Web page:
Whether we like it or not, obstacles can block your WiFi signal and affect the devices connected to it. The main reason is that WiFi uses shorter radio waves which cannot just penetrate any obstacles between your devices and router. The more obstacles, the more difficult it is to have a good signal. Common obstacles at home include metal, walls, glass, fluorescent lamps, and electronic devices that use radio frequencies to transmit data. Even the ground can be an obstacle if you’re in a basement.
The fastest speed of WiFi is much slower than a wired network, and that’s just with one device with a dedicated connection. This may not be very significant if you only have a few devices connected to your network. But as you add more devices, you may eventually experience slower speeds and higher latencies, affecting your overall home automation system as well.
Security and Privacy Issues
Internet security is a hot topic riddled with lots of “rabbit holes.” Although there are various encryption technologies you can use, most of these methods are quite common and have their own weaknesses that can be easily exploited by hackers. Plus, a WiFi signal can be easily jammed using a smartphone or wireless landline phone. For example, if your home security system depends on WiFi, intruders can block the signal easily and disable your alarm system (you can read more details here). Hackers can also access live footage of your home through your WiFi cameras and exploit any information they can get to break into your home or get your personal details. You can read about Vivint camera hack here and check how hackers can mess up with your WiFi cameras!
What You Can Do
Using WiFi to enable your home automation system is not totally doom and gloom - you just need to implement ways to improve and protect your network. Here are our short tips you can do at home:
Get the Best of Both Worlds
WiFi, ZigBee, Z-Wave and BLE have their own pros and cons, depending on how you use these devices as well as your goals for your setup. For example, Bluetooth is designed for short distance only so you may not find it suitable for two devices that are installed far away from each other. Plus, you can connect directly from your phone! ZigBee and Z-Wave can use mesh networks to increase reliability and increase battery life, both lacking in WiFi. Many home automation hubs will allow you to use devices with multiple types. See our Samsung SmartThings review to see one of them.
Use Only What You Need
Planning ahead before you invest in a home automation system is important to avoid needless costs. If you are just starting a home automation system, we recommend you begin with the basics such as smart lighting and eventually add devices as needed. Make sure that you don’t add devices that you don’t really need or whose functionalities are already present in your existing devices.
An added benefit is that you won’t annoy the rest of your family with home automations that are finicky and cause problems when you focus on doing a few things really well to get started an sell them on your dream too. 😉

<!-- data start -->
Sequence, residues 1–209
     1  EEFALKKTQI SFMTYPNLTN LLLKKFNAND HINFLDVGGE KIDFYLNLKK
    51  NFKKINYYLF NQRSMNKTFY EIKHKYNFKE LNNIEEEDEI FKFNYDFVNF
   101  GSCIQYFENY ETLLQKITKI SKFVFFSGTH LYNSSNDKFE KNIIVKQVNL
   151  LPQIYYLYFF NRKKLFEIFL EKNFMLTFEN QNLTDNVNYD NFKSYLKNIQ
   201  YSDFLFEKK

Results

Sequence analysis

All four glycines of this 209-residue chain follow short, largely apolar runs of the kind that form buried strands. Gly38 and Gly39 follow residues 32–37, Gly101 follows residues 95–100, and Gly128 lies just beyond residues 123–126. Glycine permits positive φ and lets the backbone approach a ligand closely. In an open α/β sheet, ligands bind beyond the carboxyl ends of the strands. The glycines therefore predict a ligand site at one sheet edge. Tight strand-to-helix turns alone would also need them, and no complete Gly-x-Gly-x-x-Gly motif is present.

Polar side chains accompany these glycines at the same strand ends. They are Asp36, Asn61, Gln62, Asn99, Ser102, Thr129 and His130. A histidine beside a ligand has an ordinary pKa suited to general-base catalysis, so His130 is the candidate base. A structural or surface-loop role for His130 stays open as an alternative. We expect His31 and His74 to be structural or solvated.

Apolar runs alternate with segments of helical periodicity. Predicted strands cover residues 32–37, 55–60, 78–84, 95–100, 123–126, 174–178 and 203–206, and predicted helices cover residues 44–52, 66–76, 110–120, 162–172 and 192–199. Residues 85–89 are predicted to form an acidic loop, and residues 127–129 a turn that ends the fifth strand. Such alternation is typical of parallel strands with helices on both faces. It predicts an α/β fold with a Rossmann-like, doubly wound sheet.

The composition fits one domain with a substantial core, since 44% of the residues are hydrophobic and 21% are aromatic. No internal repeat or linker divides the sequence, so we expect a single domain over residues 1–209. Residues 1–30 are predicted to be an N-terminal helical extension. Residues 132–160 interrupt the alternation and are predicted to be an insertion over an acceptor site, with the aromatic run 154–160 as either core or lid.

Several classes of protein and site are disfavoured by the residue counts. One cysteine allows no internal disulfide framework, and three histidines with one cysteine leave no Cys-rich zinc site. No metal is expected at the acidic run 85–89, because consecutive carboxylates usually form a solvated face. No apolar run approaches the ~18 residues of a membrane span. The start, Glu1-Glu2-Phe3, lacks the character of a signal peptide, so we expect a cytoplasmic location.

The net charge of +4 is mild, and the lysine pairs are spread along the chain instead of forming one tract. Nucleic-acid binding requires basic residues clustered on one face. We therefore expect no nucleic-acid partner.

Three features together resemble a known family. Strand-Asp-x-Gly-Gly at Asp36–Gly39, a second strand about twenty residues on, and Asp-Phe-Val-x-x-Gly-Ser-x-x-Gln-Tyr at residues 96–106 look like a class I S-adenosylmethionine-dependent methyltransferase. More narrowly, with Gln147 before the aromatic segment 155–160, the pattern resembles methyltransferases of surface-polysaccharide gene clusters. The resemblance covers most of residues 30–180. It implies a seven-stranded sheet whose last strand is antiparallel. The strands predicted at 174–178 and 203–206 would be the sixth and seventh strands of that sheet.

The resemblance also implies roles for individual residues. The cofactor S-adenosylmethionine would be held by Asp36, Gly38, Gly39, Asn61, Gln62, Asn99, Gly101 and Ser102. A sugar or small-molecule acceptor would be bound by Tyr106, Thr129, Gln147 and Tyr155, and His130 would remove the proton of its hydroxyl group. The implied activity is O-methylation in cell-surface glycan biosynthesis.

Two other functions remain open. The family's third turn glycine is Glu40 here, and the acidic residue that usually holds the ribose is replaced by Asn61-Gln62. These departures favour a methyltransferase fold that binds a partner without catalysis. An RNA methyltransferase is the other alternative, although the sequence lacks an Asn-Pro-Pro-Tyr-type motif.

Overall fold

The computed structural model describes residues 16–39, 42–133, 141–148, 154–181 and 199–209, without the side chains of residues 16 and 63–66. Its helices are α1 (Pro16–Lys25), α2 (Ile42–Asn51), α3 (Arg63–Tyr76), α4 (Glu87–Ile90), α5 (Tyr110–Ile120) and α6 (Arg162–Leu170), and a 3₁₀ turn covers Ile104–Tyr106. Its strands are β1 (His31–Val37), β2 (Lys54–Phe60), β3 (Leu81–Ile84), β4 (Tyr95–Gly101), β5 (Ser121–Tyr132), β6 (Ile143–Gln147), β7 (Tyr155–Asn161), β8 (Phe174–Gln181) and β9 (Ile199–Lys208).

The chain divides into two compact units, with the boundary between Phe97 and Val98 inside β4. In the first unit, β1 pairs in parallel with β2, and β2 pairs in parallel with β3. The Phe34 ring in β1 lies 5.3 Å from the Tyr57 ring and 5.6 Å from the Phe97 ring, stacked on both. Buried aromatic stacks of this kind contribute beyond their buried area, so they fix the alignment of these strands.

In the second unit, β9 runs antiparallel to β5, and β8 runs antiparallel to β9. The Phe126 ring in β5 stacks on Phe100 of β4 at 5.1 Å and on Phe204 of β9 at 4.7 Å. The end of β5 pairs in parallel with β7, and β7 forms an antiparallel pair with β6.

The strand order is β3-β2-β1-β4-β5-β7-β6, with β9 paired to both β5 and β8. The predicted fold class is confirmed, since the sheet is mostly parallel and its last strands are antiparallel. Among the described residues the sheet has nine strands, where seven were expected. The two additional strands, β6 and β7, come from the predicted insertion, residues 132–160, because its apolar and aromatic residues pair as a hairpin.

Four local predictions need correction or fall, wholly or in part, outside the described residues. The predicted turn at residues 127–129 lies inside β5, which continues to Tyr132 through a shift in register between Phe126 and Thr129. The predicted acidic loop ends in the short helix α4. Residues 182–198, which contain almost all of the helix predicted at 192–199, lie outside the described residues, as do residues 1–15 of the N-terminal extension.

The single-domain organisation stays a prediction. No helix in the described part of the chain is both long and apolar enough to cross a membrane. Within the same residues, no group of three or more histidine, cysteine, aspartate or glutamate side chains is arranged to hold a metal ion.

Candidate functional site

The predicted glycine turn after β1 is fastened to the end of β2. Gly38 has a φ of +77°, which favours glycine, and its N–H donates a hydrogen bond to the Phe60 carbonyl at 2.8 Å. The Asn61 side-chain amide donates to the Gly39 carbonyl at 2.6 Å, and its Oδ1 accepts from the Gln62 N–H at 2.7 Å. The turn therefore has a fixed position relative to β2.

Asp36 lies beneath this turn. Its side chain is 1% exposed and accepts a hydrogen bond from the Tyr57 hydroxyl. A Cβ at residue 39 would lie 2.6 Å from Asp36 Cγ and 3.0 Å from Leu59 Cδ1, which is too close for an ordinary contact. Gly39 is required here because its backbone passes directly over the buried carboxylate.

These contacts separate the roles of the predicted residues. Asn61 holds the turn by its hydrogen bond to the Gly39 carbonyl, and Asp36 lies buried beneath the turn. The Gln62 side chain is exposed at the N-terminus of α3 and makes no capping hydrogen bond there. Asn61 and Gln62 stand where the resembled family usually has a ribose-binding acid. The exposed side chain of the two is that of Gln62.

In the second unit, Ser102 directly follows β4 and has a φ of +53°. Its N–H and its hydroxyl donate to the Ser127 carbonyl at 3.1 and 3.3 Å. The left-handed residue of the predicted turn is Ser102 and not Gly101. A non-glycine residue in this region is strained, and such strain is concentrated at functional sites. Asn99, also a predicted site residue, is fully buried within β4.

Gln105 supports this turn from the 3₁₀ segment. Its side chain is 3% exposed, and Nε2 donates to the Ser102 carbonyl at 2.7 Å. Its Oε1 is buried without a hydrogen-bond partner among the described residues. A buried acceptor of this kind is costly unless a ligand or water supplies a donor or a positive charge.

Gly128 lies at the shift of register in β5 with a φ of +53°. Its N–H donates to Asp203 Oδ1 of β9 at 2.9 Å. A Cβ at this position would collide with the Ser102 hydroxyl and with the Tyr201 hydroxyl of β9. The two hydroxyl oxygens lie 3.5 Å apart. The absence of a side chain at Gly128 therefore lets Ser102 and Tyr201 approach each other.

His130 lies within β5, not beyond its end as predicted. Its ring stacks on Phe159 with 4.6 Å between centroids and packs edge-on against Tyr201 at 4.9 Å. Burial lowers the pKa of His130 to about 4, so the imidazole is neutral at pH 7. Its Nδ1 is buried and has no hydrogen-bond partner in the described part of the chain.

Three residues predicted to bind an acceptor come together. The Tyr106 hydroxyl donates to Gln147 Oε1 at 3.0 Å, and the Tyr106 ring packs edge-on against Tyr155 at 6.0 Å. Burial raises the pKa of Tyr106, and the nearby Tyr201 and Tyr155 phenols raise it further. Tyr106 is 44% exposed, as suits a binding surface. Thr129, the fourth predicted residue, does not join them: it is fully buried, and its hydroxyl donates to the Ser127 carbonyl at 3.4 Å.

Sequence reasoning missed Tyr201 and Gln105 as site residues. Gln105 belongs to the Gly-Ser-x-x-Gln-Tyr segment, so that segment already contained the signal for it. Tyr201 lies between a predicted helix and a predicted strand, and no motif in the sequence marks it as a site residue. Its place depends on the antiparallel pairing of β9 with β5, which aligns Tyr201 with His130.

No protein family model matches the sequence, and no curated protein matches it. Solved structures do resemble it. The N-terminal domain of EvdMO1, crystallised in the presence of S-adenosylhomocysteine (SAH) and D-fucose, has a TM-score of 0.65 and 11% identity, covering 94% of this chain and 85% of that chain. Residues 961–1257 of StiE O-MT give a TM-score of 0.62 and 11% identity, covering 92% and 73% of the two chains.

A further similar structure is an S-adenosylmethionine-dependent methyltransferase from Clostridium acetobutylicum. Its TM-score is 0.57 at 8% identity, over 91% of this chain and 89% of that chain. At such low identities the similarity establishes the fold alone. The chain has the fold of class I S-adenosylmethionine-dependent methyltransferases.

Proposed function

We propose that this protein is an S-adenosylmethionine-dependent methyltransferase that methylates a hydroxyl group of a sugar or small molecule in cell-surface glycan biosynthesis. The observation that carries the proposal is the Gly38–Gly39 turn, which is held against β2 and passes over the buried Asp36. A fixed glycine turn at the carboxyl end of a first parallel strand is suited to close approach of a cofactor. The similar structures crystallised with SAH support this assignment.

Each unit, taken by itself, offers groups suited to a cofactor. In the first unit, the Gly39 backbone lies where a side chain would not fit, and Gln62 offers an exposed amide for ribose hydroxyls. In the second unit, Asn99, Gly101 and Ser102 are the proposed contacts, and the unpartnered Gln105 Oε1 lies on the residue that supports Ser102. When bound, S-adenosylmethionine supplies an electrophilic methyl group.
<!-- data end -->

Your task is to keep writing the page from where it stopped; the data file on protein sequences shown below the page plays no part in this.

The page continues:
Check Your Settings
When setting up your devices, make sure that you check its settings as well as the app settings to ensure that you are only giving enough information for your devices to function. Never forget to check these settings whenever your devices are updated.
Use Different Devices that Use A Common Language
When investing for a home automation system, you don’t have to put all your eggs in one basket. Rather than put your entire home under one company, a mix of devices is safer plus you get to experience features that other companies may not offer (as long as these devices don’t have compatibility issues).
Use Repeaters If Needed
WiFi can be easily affected with obstacles and interference. You can add repeaters as needed to improve its performance, especially if you have a large house with many rooms where you want to deploy your devices.
Secure Your Network
Smart homes require us to be smarter and more vigilant. Despite the advances in technology, internet security is still a hot issue that can put your home at risk if not being cared for. You can implement methods or tools to secure your network and keep any outsiders from connecting and taking over your network. Some of the simple things you can do are changing your router password, changing your network’s SSID name, filtering MAC addresses and only adding those that are from your devices, and enable network encryption.
Wrapping it up
Smart homes are growing and soon most homes will become connected online. WiFi offers lots of advantages including convenience, mobility, and wireless transmission. However, it also comes with disadvantages that include speed performance, security and privacy issues, and limited distance. On the other hand, other home automation protocols like Z-Wave, ZigBee, and BLE also offer features that you may not find in WiFi-enabled devices. At the end of the day, it’s all about interoperability - each of these protocols have their own advantages which you can use for your home automation setup.
We hope you find this article helpful. Don’t forget to leave your comments or suggestions below!
Hi, I’m Christy, and I’m an electronics engineer by profession. I have taught in a university for 2 years while pursuing my master’s degree in cognitive radio and worked for a company to develop wireless medical devices. Currently, I’m doing research for a doctorate degree in engineering using a wireless sensor network for smart agriculture. I’ve been active in our local IoT community, IoT Cebu, where I participate in conducting talks about Arduino, Raspberry Pi, and DIY home automation using Wi-Fi and ZigBee devices.